Practice this indoors for a few days and then it's time for you and your pup to take on the outside world. Start out with short walks, and be prepared for him to play up a little at first. It will take him a bit of time to get used to being outside. But, by calling his name and tapping your leg, he should fall back into the routine quickly. Be patient, use lots of praise, and give him lots of treats.
Step
5
Keep working it
Keep practicing with your pup, extending the length of the walks until you can go anywhere for a walk with your pup, knowing he will stay by your side and behave himself. Now go have fun!
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Success Stories and Training Questions

Training Questions and Answers

Question
Lobo
German Shepherd
6 Months
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Question
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Lobo
German Shepherd
6 Months

We have a back harness, when we go on walks he pulls ahead and quite fast as he gets distracted quite easily. What method would you suggest for training recall and side walking?

Caitlin Crittenden
Caitlin Crittenden
Dog Trainer
1123 Dog owners recommended

Hello Gabriela, First, for the heeling on the sidewalk, I would switch to a harness that's front clip, or a no-pull type collar. A back clip harness will actually encourage pulling. Dogs have a natural instinct to pull against something restraining them in that way - like a sleddog pulling a sled. A back clip harness is good for recall and training where pup is working up to off-leash but not helpful with early obedience on leash, like heeling on leash. A front clip harness turns pup's body toward you when they get too far ahead, helping refocus them back on you and not be able to put their weight into pulling you as much. With a front clip harness or no-pull type collar, check out the Turns method for heeling I have linked below. https://wagwalking.com/training/train-a-poodle-to-heel For the recall, check out the article I have linked below. The article starts with methods to motivate pup to want to come to you, then progresses to proofing the come around distractions, using that padded back clip harness and long training leash. The article also includes a section on the Premack Principle which can be practiced when pup is at the point where they are ready for practicing around more distractions and a more advanced Recall. https://www.petful.com/behaviors/train-dog-to-come-when-called/ If you plan to work up to fully off-leash, advanced work, then check out James Penrith from taketheleaddogtraining on youtube as well. He specializes in high distraction off-leash training, starting with the basics of what I have included above, and working up to distractions. Best of luck training, Caitlin Crittenden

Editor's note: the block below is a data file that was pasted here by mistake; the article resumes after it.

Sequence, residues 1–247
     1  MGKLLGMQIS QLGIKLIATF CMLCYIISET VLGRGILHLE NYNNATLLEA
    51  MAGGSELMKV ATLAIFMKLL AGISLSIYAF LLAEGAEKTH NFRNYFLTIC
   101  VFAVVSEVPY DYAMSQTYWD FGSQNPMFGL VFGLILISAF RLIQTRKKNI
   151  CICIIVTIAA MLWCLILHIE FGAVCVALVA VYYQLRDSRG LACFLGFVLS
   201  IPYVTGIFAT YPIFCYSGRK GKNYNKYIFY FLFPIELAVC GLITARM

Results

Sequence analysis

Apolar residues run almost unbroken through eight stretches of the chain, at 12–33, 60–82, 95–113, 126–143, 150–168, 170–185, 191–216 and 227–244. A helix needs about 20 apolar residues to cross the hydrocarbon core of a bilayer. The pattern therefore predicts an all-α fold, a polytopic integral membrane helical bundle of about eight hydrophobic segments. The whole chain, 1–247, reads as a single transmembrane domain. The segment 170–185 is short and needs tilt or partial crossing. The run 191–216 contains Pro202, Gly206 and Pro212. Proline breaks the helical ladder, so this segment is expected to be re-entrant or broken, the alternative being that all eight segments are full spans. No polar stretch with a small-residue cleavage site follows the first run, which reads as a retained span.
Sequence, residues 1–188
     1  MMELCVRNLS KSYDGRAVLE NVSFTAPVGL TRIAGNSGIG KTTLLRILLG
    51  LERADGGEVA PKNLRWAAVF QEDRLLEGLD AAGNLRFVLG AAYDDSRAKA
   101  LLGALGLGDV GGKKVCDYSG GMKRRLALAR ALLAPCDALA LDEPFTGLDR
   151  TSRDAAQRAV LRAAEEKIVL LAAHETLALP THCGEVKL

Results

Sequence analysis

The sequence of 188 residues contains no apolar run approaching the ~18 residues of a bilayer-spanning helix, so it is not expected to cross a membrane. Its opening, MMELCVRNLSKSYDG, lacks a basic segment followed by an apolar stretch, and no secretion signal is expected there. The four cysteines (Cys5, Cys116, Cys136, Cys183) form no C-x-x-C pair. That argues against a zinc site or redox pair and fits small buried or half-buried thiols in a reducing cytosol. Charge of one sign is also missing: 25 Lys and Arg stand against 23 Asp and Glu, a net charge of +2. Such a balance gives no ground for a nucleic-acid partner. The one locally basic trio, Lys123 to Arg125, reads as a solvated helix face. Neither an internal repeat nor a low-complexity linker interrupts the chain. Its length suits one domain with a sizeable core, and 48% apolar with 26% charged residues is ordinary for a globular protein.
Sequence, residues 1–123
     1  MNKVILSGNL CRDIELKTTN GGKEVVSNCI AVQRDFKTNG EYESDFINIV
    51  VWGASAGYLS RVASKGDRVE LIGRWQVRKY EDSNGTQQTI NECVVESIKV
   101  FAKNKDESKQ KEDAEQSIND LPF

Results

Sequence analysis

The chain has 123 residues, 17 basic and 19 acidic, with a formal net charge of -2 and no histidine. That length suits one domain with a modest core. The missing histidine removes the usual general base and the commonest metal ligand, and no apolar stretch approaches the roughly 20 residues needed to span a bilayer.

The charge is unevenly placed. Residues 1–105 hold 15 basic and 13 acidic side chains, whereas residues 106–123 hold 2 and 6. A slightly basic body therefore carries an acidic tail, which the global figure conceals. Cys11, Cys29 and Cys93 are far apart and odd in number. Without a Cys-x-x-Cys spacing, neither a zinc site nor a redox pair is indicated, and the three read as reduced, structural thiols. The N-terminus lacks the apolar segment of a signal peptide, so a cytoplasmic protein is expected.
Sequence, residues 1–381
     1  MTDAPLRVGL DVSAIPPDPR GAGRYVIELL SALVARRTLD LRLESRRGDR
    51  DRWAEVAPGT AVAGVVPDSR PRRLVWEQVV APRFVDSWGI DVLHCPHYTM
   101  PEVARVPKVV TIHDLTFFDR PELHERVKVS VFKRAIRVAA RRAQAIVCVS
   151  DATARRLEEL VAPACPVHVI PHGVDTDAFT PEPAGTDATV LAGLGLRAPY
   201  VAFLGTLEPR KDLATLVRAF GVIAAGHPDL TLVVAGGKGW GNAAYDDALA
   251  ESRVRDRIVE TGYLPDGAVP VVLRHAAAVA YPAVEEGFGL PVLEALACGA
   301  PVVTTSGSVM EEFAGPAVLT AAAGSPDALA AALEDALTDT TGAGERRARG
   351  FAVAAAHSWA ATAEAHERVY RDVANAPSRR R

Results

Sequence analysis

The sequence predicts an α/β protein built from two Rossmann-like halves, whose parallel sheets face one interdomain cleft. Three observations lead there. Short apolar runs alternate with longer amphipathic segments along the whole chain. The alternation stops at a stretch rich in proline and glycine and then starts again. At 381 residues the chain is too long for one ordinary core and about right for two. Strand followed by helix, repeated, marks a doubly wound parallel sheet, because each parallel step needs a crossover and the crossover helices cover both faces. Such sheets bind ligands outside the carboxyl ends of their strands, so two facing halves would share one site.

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Question
Rodnwy
French Bulldog
1 Year
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Question
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Rodnwy
French Bulldog
1 Year

When we go out for a walk he pulls away on the lead. He desperately wants to go up to things and sniff them and pulls in all different directions to sniff at things. We have tried stopping moving when he pulls; when we do this he stops walking. On command he comes back to us but when we then try and start walking again he goes straight back to pulling on the lead.

Caitlin Crittenden
Caitlin Crittenden
Dog Trainer
1123 Dog owners recommended

Hello Jess, I recommend practicing the Turns method from the article I have linked below. I would especially work on the step where as soon as pup starts to move their nose past your leg, you turn directly in front of pup at a ninety degree angle. You have to be fast at this at first for it to work. Often pup will start to learn to hang back a bit and pay better attention to where your body actually is because of the "unpredictable" turns and changes in pace; opposed to right now, pup assumes they know where you are going and doesn't need to pay attention to where you are or stay right with you. Turns method: https://wagwalking.com/training/train-a-poodle-to-heel Best of luck training, Caitlin Crittenden

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Question
Joey
Pit bull
10 Months
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Joey
Pit bull
10 Months

We adopted Joey only 5 days ago and are having trouble focusing on walks. We are training him to be a psychiatric service dog so he has to focus and stay close. When walking, his focus is everywhere. He will always sit when asked and does not pull the leash, but will not come if called or "close" (walk right beside me) if there is any distraction. Also house-training! I'm not sure how to redirect him outside besides calling him mid-pee/poo and taking him straight outside to finish.

Caitlin Crittenden
Caitlin Crittenden
Dog Trainer
1123 Dog owners recommended